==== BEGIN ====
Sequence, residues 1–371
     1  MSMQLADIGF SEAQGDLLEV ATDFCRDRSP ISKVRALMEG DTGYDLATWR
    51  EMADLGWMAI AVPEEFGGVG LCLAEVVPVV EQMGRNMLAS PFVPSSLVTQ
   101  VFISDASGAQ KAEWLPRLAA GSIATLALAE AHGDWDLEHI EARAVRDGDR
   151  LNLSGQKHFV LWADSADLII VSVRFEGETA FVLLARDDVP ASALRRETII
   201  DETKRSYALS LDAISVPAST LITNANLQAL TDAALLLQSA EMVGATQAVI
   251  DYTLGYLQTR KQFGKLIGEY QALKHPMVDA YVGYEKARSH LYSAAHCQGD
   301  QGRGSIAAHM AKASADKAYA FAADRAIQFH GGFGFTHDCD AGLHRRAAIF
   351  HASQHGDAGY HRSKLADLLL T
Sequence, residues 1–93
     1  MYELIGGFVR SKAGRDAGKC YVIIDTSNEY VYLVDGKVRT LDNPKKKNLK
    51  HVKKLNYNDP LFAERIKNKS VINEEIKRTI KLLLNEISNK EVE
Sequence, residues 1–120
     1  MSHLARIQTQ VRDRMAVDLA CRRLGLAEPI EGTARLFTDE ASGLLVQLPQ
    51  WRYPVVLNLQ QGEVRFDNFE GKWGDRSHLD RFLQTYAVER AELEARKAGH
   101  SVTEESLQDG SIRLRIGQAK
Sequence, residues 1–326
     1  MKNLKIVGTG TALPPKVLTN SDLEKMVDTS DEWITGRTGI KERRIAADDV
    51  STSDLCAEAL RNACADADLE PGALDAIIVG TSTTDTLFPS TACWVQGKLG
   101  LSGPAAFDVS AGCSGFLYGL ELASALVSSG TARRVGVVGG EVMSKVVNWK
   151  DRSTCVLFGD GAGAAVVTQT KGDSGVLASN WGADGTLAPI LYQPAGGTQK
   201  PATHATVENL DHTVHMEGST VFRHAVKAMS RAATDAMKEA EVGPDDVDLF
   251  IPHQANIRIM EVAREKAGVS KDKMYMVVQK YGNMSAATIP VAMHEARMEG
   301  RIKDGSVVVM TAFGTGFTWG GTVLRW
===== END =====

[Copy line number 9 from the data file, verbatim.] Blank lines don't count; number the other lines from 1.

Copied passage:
   351  HASQHGDAGY HRSKLADLLL T